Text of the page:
A sleepwalker has been found not guilty of sexually assaulting his friend's girlfriend, after a jury heard he had "sex on his mind" before going to bed.
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Dale Kelly has suffered from the rare disorder 'parasomnia' , which causes involuntary abnormal behaviour during sleep, since he was a child and was experiencing an episode at the time of the assault, the court heard. The year-old apprentice electrician said he was not aware of what he was doing when he walked into the couple's bedroom after a night out, got into bed with them and touched the woman intimately. She called the police and told them she believed Kelly had sexually assaulted her. But Kelly claimed he was dreaming and thought she was a woman he was dating at the time.
He wept in the dock at York Crown Court after a jury found him not guilty by reason of insanity of sexual assault by penetration following a week-long trial. It is a special verdict which means jurors found that he cannot be held responsible for his actions because he had no conscious knowledge of them. He will not receive a prison sentence and could receive an absolute discharge, meaning no further action will be taken, or be handed a hospital or supervision order, which means he will be treated for his condition. T he court heard he had been chatting to girls on the dating application Tinder before falling asleep in his friend's spare room in Tadcaster, North Yorkshire, at about 4am on April 17, He was in a room with a male friend on the ground floor, while his friend slept on the floor above with his girlfriend.
Prosecutor Ian Brook said Kelly had bought condoms that night because he intended to have sex and had flirted with the victim. He was having sexual urges knowing the woman was upstairs in bed.cieretepom.tk
After a One-Night Stand, What Comes Next? | Psychology Today South Africa
But recovery has been surprisingly smooth, my left eye is as startlingly sharp as I'd been promised, and a chance encounter with an amiable Deadhead on the Times Square subway platform Saturday afternoon made me think I really ought to be going. What's more, the weather Sunday was picture-perfect, and my Citi Field companion for the last two summers was available and eager to extend our streak.
So away we went. A good thing, too, because Sunday night's show was inspired from start to finish—and the band managed to keep things going despite not one but two complete P. But trust me, when we audience members start singing "fire on the mountain" really loudly and insistently, it's because at that point we weren't hearing anything from the stage.
After that night of horror
Heads on Twitter pointed out — some with delight, others with outrage — that John Mayer appeared to be playing Jerry Garcia's famed "Wolf" guitar Sunday night. Long may they run. But my urge to document what I'm seeing and hearing remains as powerful as ever, especially since quite a lot of it goes undocumented by the mass media. That being the case, I'll be making a renewed effort to write some little something here about everything I attend.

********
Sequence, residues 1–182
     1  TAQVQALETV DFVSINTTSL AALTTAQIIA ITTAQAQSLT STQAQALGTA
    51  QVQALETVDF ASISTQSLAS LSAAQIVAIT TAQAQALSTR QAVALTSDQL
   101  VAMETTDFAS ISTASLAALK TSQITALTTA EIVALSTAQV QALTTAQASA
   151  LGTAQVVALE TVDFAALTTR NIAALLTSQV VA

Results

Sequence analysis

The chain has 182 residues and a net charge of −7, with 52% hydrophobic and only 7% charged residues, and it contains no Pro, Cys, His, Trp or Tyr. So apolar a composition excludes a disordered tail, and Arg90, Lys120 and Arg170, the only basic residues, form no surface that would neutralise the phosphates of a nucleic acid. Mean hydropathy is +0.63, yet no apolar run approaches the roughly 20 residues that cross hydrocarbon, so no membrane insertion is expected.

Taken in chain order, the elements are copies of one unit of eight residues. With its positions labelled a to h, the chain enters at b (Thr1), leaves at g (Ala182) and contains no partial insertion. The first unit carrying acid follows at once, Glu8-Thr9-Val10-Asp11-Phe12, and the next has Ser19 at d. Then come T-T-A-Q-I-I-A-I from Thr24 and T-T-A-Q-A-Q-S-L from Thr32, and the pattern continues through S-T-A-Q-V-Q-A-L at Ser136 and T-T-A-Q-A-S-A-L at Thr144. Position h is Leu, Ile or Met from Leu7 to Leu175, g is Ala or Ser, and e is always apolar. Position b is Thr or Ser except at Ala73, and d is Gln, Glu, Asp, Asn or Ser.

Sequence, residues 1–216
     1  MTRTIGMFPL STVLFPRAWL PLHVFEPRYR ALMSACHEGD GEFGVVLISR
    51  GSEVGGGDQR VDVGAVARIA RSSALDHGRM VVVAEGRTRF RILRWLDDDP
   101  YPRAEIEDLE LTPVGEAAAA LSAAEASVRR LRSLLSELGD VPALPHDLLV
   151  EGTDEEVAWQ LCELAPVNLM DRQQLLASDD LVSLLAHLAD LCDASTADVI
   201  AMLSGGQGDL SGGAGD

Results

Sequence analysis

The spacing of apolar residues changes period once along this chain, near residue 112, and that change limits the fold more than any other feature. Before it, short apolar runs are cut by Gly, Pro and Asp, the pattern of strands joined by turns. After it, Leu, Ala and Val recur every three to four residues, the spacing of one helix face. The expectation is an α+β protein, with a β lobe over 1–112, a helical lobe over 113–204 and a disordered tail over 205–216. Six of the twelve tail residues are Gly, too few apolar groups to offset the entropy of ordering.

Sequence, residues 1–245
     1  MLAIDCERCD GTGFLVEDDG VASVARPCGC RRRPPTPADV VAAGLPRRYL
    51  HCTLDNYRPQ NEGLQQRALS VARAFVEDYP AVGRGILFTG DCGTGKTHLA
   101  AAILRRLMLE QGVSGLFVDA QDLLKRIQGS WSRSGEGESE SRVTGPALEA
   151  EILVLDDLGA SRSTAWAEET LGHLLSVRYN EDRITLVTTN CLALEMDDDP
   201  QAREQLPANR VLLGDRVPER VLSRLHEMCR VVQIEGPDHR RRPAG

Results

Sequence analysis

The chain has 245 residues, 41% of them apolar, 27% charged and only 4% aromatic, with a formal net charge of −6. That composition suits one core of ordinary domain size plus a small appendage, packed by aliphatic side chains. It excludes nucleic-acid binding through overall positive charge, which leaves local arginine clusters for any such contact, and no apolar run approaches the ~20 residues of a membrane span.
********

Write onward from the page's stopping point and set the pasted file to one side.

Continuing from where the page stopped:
Undercurrents by Kajsa Lindgren. The Dreaming Arrow by Ahnnu. Audio samples here. Cradle of The Horizon by Primitive Motion. Friends, colleagues, virtual associates: here is a thing I've been thinking long and hard about saying—or not.
Once in a while you get shown the light.
Possibly you've noticed that I have not been updating this blog very frequently lately, not even with routine posts sharing work I've made for other publications. Possibly you haven't. Maybe you've wondered why an email or DM might have gone unnoticed for days at a time. My thing is that I actually cannot SEE this page very well right now, because of a fairly rapid recent deterioration of my eyesight. Black type on my laptop screen looks pencil-lead gray.
I can't read my iPhone at all in ordinary daylight, and struggle to do so otherwise. Correspondence is a challenge, as are reading and writing. As is discerning faces, in some instances.
Work is unusually arduous and time-consuming. Around three weeks ago, my issue got a name: cataracts. This is a good thing, because it means I've now embarked upon a process of recognition, repair, and recovery. The first steps have happened already. There's more to do.
It won't be quick, necessarily, but it shouldn't be difficult. I'm not severely impaired, though there was one serious exception, a recent experience of disorientation and vulnerability I wouldn't care to repeat. Mostly, things are just hazy, like looking at the world through a persistent gauze. It's for that reason that, even if music criticism is chiefly an aural exercise, I've not trusted myself sufficiently to do any critical writing for the last month or so—particularly with regard to works involving staging or multimedia.
Which is rotten, because I've seen and heard so many excellent operatic events in the last two weeks alone! I'm not putting this out as a call for public sympathy—I presume most people here know me better than that, and know as well that I have the best possible support at hand right here at home.
But I am opening up about it now so that everyone might understand when I'm slow to react or respond in certain instances and situations, or if I can't get as much work done as quickly as has been my custom—or if I missed celebrating some bit of good news or extending due sympathies on some social-media platform, too.
Please don't feel compelled to respond to this post—honestly, I won't be here much for a while longer. Posted at PM Permalink Comments 1.
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